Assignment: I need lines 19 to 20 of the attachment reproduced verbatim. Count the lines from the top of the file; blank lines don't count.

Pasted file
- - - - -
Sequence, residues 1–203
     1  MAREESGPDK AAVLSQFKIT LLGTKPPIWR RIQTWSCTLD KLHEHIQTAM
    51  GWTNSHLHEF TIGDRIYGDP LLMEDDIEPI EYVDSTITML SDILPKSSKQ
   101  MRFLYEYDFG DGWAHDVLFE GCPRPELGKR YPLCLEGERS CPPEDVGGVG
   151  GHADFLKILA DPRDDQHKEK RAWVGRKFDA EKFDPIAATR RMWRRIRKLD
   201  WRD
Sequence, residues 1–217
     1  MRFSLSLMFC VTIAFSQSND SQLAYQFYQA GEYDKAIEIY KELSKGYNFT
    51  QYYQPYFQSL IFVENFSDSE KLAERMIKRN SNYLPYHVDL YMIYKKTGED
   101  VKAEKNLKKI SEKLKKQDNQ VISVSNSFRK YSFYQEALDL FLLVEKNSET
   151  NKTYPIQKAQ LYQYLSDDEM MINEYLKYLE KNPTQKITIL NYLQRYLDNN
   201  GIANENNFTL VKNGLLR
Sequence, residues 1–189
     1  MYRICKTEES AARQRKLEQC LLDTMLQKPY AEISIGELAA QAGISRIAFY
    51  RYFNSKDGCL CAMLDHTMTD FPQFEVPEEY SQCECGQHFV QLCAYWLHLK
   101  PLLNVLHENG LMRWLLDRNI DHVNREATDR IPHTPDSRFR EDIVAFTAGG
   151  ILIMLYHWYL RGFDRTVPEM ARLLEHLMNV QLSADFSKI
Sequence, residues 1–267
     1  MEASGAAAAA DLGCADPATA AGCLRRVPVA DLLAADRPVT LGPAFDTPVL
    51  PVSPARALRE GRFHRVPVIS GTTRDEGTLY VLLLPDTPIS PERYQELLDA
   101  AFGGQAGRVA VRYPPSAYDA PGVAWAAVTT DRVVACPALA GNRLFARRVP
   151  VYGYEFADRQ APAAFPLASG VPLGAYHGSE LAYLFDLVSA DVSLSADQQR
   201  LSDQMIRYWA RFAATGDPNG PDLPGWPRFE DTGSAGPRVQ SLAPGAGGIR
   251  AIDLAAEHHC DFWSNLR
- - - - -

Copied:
     1  MEASGAAAAA DLGCADPATA AGCLRRVPVA DLLAADRPVT LGPAFDTPVL
    51  PVSPARALRE GRFHRVPVIS GTTRDEGTLY VLLLPDTPIS PERYQELLDA